Uncle Mike always had a thing for loop around the boats. He did them for years on everything from the kneeboard and slalom ski to trick skis and the hydrofoil. The loop around the boat became the standard way to turn around during Mike’s runs on the backwaters of Canyon Lake. He even spiced things up on his Air Chair when he added a wake back roll at the completion of his loop around. The only problem was that everyone in the boat had to duck to avoid decapitation when the rope came around, and it would catch on the corner of the windshield every time the boat turned under the rope. His ropes were wearing out after just a few weeks. Mike remedied this problem in late 1993 by building a pylon that was about nine inches higher than the normal one on tournament boats. The rope hooked on to the pylon about chest high, and nicely cleared the windshield during Mike’s incessant loop-arounds. His new pylon was a green light to take his around-the-boats to the next level, and I was subjected to driving Mike for the ”Barf-o-Rama.” The name was indicative of how you felt inside the boat while Mike was having fun doing loop after loop. The Barf-o-Rama was one loop around after another with just enough time to get the boat back up to speed and head into the next one. Mike’s record was 27 in a row. I’m glad Mike had fun, but it actually was nauseating to be in the boat. Mike’s trick did live up to its name with two people in the boat actually losing their lunch.
Ron Stack was one of our fellow riders at Canyon Lake. Ron rode the foil too, and used his wakeboarding influence to add grabs and tweaks to his riding. When he wasn’t on the foil, Ron took his rides as the top wakeboarder in Canyon Lake. Ron swore that he was getting more air behind Mike’s boat with the taller pylon. Mike’s comment was, “Yeah Ron, the higher you make a pylon, the more air you’re going to get.”
Ron Stack flying high, but tying low on our 1993 photo shoot (Doyle)
Ron took Mike’s comment literally in the summer of 1994. He showed up a couple of days later with the first real extended pylon I had ever seen. It was an eight foot tall monster pole with two support braces wedged into the rear corners of his MasterCraft. We excitedly tested it, and it was immediately obvious that we got more air than ever.
The TV show “Burnt Toast” came out to Canyon Lake the following week to film our extreme skiing for a major cable network. The host Chris Harrison came to the lake and hung out with us all day (Harrison found later fame as the host of “The Bachelor.”) Canyon Lake always had wealth of ski talent and the video crew shot it all: barefooting, trick skiing, jumping, hot dogging, and most importantly for Mike, the Air Chair. Always a showman, Mike thought it was time to do a stunt he had been thinking about for quite some time: a flip over the five-foot wide dock on the Canyon Lake slalom course. Mike felt he now had an extra margin of “safety”, getting more air with Ron’s new extended pylon. The whole thing seemed crazy to me. The run up was short, and the landing was even shorter. But when Mike had his mind set on something, it was hard to change it. I was the best driver for the job, and in the end we pulled off an amazing stunt.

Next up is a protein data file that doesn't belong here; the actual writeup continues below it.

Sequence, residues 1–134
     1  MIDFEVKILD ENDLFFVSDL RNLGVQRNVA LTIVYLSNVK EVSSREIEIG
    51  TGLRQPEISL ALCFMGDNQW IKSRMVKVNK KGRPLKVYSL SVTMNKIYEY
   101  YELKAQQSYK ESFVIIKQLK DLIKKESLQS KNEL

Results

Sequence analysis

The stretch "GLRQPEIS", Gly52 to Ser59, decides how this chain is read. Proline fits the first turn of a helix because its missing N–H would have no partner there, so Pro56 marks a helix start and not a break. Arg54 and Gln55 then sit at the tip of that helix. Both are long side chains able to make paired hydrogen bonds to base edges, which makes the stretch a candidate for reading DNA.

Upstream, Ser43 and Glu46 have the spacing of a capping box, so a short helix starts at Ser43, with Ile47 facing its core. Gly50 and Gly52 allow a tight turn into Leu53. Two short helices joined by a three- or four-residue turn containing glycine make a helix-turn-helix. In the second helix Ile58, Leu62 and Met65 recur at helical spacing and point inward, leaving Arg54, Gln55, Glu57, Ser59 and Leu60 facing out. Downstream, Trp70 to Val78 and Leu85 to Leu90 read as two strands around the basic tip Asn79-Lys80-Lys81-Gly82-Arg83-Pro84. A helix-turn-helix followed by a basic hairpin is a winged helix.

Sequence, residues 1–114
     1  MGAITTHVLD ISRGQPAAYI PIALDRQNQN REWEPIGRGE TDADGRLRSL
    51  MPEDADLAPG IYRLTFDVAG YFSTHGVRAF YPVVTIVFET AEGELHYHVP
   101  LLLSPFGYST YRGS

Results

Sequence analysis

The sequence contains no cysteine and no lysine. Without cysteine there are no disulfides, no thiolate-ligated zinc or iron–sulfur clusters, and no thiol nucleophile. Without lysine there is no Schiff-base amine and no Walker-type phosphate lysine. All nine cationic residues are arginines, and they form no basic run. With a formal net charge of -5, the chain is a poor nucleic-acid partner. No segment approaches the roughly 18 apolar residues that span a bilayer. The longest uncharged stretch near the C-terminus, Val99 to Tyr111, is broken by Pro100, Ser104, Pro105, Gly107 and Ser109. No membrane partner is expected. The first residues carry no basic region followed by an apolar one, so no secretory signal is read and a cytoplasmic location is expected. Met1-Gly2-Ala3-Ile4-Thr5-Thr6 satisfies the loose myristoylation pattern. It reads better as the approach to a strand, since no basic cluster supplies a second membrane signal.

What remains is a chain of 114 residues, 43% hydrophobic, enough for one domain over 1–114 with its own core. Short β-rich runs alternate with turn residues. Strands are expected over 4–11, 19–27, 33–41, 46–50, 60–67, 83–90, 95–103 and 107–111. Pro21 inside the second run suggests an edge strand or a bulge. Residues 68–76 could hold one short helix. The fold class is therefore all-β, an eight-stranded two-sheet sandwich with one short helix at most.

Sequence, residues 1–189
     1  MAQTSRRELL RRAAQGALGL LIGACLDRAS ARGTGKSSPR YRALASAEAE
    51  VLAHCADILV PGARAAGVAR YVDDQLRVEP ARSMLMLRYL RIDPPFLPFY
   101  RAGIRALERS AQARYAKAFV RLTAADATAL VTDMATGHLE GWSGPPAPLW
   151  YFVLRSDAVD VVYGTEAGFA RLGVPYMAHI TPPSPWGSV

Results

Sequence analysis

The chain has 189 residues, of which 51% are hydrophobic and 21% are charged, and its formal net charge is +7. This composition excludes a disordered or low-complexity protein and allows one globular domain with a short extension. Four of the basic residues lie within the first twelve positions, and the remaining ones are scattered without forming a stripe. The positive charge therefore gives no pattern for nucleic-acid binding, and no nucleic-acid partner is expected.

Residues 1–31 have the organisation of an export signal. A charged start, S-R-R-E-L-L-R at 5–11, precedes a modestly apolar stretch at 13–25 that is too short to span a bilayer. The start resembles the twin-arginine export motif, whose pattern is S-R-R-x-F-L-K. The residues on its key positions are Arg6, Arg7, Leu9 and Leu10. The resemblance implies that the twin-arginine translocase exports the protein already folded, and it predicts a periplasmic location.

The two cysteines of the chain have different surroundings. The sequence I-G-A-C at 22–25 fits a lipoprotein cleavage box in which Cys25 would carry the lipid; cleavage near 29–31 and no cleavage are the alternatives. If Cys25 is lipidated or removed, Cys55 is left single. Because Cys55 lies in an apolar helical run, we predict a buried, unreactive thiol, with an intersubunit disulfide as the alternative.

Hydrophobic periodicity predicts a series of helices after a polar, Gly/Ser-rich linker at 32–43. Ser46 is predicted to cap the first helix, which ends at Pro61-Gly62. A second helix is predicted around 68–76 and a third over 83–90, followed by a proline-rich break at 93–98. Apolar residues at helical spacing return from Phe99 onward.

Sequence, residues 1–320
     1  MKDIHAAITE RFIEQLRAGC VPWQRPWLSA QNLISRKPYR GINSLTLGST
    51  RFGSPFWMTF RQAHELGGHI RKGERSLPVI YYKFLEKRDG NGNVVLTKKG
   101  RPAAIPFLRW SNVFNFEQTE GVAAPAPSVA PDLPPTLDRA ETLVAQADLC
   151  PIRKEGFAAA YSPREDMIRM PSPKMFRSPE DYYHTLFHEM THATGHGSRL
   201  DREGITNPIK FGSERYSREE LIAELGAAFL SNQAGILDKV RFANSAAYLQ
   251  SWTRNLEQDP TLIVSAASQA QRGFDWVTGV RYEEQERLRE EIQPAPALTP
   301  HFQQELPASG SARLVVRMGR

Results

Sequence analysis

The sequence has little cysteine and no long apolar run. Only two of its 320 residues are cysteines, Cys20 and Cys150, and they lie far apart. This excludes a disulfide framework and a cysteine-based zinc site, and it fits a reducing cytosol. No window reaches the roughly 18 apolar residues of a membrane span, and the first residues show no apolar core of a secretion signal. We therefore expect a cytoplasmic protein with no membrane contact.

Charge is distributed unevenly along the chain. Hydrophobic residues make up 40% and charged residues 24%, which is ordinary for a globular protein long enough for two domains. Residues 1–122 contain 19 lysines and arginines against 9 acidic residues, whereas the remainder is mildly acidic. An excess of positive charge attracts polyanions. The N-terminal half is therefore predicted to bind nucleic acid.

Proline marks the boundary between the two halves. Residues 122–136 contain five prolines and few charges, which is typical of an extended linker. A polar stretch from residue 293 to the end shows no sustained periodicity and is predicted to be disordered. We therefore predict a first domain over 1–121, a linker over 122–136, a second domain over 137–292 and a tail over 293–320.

Ron’s original extended pylon can be seen briefly at 0:22
Ron did his thing on the wakeboard, and showed off his new extended pylon for the first time. Uncle Mike, Gary Harris, and I used Ron’s extended pylon for another first on the Air Chair. We took a three-man ride, and performed simultaneous flips on our foils.
When the shoot was over, Mike hit the road again to promote Air Chair. As he traveled east, he shared news of Ron’s new extended pylon. One of Mike’s stops was Troy Navarro’s ski school in Texas. Troy was one of the pioneers in wakeboarding, and a top wakeboarder at the time. Anything to get more air behind the boat was a marketable concept to him. Troy probably passed the tall pylon idea on to Tony Finn who presented it to Tom Helwig at ECI, a manufacturer of barefoot booms. Tom conceptualized the new pylon as a variation of a barefoot boom, and that’s what led to the next innovation. Just like a barefoot boom, the Skylon used a cable to attach the end of extended pylon to the bow eye. Rear support braces were not needed, and the back of the boat was wide open. The Skylon was the first extended pylon widely available to the public, and it was an instant hit.
I got more air than ever with the first manufactured extended pylon from Skylon (Finn, 1995)
Ron was mad that Tony Finn and Skylon had beaten him to the punch on his own invention, but Ron had delayed for months. In the interim Tony Finn asked me to ride the Air Chair for Skylon’s boat show / dealer promo tape, and I agreed. I also appeared in a couple of their first print ads and press releases with Team Wake Tech wakeboarders Gator and Scott Byerly.
The first Skylon ad in 1995
In 1995 Ron finally got up and going with his own company, Air Boom.[i] Since then he’s been a leader in innovative designs for towers, racks, and associated products.
Ron Stack and his Air Boom. (Kingman, 1996)
>Next Chapter: Innovations
Ron built this super tall Air Boom in 1998 after rigging a plastic one for the Flight Worlds Big Air contest
Images (used with permission)
“Adventures in Water Skiing: Part 3, Hydrofoiling – Cover,” photo: Ian Lauder, 1999.
“Ron Stack – Air Raley,” photo: Rick Doyle, 1993.
“Latest Launchings – Skylon,” photo: Tony Finn, WaterSki Magazine, June, 1995, 110.
“First Skylon Ad,” photos: Tony Finn, WaterSki Magazine, June, 1995, 117.
“Ron Stack & Air Boom,” photo: Kelly Kingman, 1996.
“Ron Stack – Super tall Air Boom,” photo: Shonna Klarich, 1998.
[i] “Big Air = Big Business,” Wakeboarding Magazine, Dec., 1995, 60.
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